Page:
“And, for example, one of the things that we did is for contingency $470,000 that we took out of the water fund for contingency, and what is that? I know what contingency means, but like, it's like what is that? Like a big slush fund just to use for whatever I mean what's the point of it? We, you know, Personnel Services has gone up, I think by 44%, the past couple of years as far as the amount of people there at City Hall. All I know is that the city shrinks in population yet the size of government goes up. That should not be you know, that should not be at all. And so there's absolutely spending I don't think the mayor should have gotten a raise— to the mayor’s position $10,000! You know, and so there's a lot of stuff that we need to do better as far as spending goes.”

Arbige returned to his campaign talking points, regretting that some topics did not come up during the debate.

“I love Amsterdam. What angers me is that I do love Amsterdam. And the answer is going downhill. You know, they get economically crime, things we didn't get into, you know, we can talk too much about like, the drugs and the crime and just the kind of general malaise that you find in people. I just, you know, his father, so But no, I love this city. I really do. And I want my kids to be here. It's getting harder, hard to stay here though.”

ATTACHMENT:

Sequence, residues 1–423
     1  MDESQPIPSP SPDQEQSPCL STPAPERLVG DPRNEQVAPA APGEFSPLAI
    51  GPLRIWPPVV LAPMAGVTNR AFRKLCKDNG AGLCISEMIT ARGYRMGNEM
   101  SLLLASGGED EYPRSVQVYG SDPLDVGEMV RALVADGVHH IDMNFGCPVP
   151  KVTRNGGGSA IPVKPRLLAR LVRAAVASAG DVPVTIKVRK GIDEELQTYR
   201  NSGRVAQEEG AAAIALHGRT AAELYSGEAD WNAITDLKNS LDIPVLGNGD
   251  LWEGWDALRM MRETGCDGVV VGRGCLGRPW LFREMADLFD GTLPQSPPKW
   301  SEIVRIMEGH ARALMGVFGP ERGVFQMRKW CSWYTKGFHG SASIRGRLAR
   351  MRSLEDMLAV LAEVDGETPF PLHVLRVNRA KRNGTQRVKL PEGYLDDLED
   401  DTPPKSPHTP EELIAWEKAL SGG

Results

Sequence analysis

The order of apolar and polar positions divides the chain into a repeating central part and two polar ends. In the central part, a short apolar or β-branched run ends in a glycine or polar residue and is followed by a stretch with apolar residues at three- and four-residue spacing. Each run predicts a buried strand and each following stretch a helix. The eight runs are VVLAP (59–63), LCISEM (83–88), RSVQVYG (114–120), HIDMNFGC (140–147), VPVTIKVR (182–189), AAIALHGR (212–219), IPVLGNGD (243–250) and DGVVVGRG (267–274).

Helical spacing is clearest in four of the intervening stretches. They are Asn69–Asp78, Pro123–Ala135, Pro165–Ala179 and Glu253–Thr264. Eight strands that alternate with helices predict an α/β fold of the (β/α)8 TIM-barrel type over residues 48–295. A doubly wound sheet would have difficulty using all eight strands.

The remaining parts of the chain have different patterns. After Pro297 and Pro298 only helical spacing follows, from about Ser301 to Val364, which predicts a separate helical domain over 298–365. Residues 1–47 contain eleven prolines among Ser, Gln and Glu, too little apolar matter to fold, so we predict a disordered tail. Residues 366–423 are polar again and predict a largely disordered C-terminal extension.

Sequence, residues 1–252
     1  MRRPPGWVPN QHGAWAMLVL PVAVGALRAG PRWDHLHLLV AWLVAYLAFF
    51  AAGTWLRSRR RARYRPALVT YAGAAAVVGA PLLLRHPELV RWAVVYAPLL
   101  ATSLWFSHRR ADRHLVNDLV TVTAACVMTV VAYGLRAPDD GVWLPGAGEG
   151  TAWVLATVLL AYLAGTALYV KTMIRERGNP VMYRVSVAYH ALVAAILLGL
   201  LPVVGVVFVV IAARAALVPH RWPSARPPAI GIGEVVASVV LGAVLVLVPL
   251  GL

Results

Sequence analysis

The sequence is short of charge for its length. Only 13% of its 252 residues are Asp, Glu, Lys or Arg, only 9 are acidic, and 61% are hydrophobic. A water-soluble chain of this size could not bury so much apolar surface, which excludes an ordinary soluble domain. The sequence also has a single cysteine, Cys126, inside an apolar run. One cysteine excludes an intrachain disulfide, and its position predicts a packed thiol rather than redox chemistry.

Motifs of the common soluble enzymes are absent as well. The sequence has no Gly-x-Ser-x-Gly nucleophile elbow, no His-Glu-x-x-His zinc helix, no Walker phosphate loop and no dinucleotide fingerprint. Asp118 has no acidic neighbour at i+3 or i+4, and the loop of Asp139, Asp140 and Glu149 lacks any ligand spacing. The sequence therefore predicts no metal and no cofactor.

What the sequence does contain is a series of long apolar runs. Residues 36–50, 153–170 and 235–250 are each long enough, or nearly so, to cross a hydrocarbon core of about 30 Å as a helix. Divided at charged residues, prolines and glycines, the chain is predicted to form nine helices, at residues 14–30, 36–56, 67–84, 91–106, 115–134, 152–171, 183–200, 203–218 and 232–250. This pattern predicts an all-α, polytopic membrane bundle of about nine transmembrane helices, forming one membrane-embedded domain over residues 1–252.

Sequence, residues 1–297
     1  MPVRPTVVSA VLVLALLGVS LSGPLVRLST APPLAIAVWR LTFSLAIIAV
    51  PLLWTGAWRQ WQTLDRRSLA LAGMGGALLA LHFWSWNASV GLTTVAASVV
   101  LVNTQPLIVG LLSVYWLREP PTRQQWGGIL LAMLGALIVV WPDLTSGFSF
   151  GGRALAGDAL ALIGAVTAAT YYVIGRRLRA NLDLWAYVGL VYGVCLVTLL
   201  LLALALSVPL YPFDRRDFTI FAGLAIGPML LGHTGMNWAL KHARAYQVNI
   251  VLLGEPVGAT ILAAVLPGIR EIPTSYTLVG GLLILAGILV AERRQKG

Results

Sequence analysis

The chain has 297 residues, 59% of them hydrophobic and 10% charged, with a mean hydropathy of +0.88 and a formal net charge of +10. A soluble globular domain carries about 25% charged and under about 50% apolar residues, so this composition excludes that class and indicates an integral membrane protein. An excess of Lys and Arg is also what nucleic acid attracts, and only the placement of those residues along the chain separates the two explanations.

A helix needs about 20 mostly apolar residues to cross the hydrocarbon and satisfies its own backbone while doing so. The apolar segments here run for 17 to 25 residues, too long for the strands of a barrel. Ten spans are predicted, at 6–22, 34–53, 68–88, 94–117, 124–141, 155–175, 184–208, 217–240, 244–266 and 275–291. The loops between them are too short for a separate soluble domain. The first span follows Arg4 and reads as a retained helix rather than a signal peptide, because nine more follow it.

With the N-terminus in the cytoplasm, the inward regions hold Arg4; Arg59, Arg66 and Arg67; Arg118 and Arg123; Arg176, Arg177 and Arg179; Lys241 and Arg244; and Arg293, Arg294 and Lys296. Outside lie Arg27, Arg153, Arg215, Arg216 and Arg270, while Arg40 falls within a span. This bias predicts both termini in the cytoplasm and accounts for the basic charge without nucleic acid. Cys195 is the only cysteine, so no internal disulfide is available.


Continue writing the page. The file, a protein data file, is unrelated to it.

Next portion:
Arbige ended by focusing on what he would do differently if elected mayor, and rejected Cinquanti’s claim that he tried to derail the debate.

“If I agreed with everything he did I wouldn’t be running for mayor, you know. So, I don't see what the issue is when he pointed those things out. I just mentioned things, you know, that he's got to be spending less money, I'd be planning better for the future, especially with our water. I'd be making sure police are at public events. You know, there's a lot of things I would do differently. And I'd be listening to people he talks about, I don’t know who he thinks he's talking to, because I go around the city and, literally, almost everyone says you can't get a hold of him. So, I don't know what is but whatever, you know, he can say that was so I'd be listening to you talking to people and being very transparent with people no more backroom deals.”

Election day is November 7th.